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Published in Print: March 7, 2001, as Fonda Gives Harvard Ed. School $12 Million

Fonda Gives Harvard Ed. School $12 Million

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Jane Fonda has donated $12.5 million for the establishment of an interdisciplinary research center at Harvard University's graduate school of education—the largest personal donation the school has ever received.

The Harvard Center on Gender and Education will specialize in exploring the effect that gender has on the learning and development of children.

"It will be built on the great work that's already going on here at the school," Jerome T. Murphy, the dean of the graduate school, said of the gift from the actress. "Jane Fonda's generous commitment offers Harvard an incomparable opportunity to examine, both domestically and globally, the issues that affect how boys and girls learn, and to develop ways to strengthen their resilience and academic growth."

The center's initial goals will be to sponsor research, devise teaching strategies and practices, and help educators address gender issues within schools and communities, Mr. Murphy said.

"There are no real limitations on what the center can do," added Christine Sanni, a spokeswoman for the graduate school. "It will draw from almost every academic aspect of the university. This means, for example, that the medical school might apply for gender research that involves the treatment of boys with [attention deficit disorder]. "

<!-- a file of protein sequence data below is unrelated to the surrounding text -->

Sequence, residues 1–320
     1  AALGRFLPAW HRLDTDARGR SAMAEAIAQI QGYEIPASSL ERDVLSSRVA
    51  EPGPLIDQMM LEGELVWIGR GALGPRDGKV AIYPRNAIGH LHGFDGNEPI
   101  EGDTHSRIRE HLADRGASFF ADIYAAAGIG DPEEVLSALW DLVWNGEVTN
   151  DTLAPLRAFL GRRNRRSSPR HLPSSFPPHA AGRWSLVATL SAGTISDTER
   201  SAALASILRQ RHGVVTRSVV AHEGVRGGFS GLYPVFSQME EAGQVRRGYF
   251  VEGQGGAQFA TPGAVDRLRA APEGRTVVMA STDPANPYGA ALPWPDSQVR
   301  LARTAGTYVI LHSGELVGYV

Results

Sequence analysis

"Jane Fonda did make one thing very clear," Ms. Sanni said. "She didn't want the program to become a white, ivory-tower think tank. The program is, therefore, designed to influence actual practices and assist students."

Chair Endowed

Ms. Fonda, who has worked on behalf of teenage-pregnancy-prevention efforts in Atlanta, initiated the project last spring when she spoke at the university about the challenges faced by young women in education and the widespread efforts made to give women equal access to education abroad.

She challenged Mr. Murphy to build a research base at the university and offered to underwrite the project. "I recognized the need to bring some of these lessons home," Ms. Fonda said last week in a statement. "We still have a culture that teaches girls and boys a distorted view of what it takes to be women and men."

Though Ms. Fonda had no formal affiliation with the university, she chose to donate money to the school in part because she was inspired by the work of the psychologist Carol Gilligan, a member of the graduate school faculty who has conducted extensive research on gender issues. Ms. Gilligan will help in the formation of the center.

To honor Ms. Gilligan's work, $2.5 million will go toward the creation of an endowed faculty chair in her name and an administrative support staff, according to Mr. Murphy.

Vol. 20, Issue 25, Page 10

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